- POSTED: 30 Jun 2014 21:29
Thailand's National Council for Peace and Order (NCPO) has opened a service centre that aims to make it easier for foreigners to get legal work permits.
SAMUT SAKHON: Thailand's National Council for Peace and Order (NCPO) has opened a service centre to regulate the foreign labour market.
It aims to make it easier for immigrants to get legal permits to work in Thailand.
The NCPO also hopes to stop the trafficking and extortion of foreign workers, who end up working illegally in Thailand.
Similar centres will be opened in other coastal provinces on July 7 and the rest of the country by mid-month.
Samut Sakhon province, west of Bangkok, has one of the largest numbers of foreign labourers working in the fishing industry.
Thai Army Chief Prayuth Chan-ocha said human trafficking has become a big problem in this area.
To tackle the issue, NCPO started a one-stop service to encourage immigrants to register for a work permit.
On its first day of operations, the office welcomed about 2,000 illegal workers.
Businesses, too, have applied for permits on the behalf of foreign employees, paying about US$40 per application.
Arthit Boonyasophat, governor of Samut Sakhon, said: "For now this is a temporary measure by the NCPO.
“They want all workers that have yet to register to do so. They will then be able to stay in Thailand for 60 days and work for a 60-day period. After 60 days we will check their nationalities and approve further permits for up to one year."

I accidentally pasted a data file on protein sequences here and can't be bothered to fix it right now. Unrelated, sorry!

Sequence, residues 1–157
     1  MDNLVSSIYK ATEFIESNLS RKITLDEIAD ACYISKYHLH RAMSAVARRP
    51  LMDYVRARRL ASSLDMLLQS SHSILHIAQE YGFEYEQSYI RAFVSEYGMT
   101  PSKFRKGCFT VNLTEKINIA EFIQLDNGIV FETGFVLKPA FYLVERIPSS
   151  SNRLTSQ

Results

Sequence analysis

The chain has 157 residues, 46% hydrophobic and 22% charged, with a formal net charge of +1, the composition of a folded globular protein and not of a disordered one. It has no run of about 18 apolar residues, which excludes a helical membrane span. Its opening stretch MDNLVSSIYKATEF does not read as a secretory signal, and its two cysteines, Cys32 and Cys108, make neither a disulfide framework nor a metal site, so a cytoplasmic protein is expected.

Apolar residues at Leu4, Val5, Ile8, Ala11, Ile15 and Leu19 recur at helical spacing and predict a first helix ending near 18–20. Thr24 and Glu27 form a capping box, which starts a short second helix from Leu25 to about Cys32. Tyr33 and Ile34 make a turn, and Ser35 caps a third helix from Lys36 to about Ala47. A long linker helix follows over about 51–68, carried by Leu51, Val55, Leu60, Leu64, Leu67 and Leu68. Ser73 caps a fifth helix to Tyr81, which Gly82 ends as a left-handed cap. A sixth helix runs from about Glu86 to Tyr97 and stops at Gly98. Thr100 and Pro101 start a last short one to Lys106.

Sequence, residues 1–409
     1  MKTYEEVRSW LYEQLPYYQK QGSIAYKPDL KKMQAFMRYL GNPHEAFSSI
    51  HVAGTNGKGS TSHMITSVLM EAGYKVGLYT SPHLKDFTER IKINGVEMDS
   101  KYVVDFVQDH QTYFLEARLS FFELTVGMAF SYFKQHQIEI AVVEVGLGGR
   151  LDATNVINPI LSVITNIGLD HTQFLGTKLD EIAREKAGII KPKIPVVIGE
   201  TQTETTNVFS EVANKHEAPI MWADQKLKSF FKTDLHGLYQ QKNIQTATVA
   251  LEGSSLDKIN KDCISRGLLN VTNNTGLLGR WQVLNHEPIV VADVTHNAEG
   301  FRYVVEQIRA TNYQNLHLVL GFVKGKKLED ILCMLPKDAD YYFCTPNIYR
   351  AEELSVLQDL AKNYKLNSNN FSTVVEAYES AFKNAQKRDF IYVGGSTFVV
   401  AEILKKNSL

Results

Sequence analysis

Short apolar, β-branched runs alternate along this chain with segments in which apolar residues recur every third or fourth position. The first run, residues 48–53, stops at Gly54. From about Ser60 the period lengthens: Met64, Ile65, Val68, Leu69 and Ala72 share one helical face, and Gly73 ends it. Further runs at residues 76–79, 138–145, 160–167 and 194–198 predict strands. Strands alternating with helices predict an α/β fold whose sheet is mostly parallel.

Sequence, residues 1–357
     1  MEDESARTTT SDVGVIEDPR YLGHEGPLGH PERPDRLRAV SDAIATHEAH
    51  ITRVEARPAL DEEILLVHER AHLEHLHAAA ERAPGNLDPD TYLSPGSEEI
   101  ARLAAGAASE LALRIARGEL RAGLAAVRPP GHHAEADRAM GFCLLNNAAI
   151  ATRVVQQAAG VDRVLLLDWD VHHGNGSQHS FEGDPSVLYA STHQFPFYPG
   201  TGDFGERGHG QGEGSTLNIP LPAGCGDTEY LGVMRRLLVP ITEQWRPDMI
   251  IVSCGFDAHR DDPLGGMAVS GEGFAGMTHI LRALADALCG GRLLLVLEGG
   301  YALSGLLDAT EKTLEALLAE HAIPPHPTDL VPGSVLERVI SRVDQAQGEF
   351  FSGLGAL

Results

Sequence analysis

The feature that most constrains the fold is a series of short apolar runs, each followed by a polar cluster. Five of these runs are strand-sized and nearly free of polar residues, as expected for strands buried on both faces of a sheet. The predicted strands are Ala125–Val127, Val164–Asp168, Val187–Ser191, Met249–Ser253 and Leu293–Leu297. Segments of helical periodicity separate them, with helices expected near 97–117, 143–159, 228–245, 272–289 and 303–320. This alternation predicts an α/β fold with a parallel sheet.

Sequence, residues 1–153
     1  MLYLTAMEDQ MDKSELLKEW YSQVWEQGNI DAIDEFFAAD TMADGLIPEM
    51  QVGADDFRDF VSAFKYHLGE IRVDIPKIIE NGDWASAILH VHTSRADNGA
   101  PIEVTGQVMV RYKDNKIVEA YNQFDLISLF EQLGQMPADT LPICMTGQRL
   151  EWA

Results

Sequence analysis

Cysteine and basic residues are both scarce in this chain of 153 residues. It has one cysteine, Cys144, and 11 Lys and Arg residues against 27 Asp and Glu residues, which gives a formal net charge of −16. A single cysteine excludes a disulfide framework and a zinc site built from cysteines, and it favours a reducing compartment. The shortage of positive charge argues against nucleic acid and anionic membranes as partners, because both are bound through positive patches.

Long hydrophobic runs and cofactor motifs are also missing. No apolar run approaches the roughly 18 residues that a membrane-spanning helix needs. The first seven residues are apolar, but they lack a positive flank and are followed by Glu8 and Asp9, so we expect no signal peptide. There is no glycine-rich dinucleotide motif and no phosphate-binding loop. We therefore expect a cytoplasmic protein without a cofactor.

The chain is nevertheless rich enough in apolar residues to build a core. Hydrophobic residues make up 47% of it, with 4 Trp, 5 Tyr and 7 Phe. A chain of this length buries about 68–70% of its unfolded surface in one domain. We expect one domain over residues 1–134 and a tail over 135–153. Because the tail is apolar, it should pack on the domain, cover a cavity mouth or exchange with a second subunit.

The process has been simplified, removing the excessive bureaucracy of the old system.
It is also about US$80 cheaper.
Each worker has to provide their personal details and proof of employment, and must have done mandatory health checks.
While these centres may bring benefits for foreign workers, such as standardised pay and job security, it's unclear if they will be as beneficial for local businesses, as they too have to give details of their workforce to authorities.
Employers too have to apply for the 60-day permits without a guarantee that workers will complete their contracts.
But at least the cost of work permits has halved.
Business owner Duangdao Risrumwan said: "In the past this process took four days, but with this centre it takes just one day. It's great - we've never had this before."
Migrant workers appeared happy with the new system.
Foreign worker Nwe said: "I am so happy that my employer has offered to pay for my work permit. I will put my all into my work from now on."
More than 200,000 migrant workers had fled Thailand over the past few weeks, after rumours spread of a military-led crackdown on illegal labour.
The exodus threatened Thailand's labour-intensive industries reliant on foreign workers.
A simple, regulated system is a positive step toward controlling illegal labour, but it may only be a short-term solution.
Some business owners are concerned that corruption will return when the military eventually hands over the reins to a civilian government.
Meaning, the futures of migrant workers remain linked to that of Thailand's military government.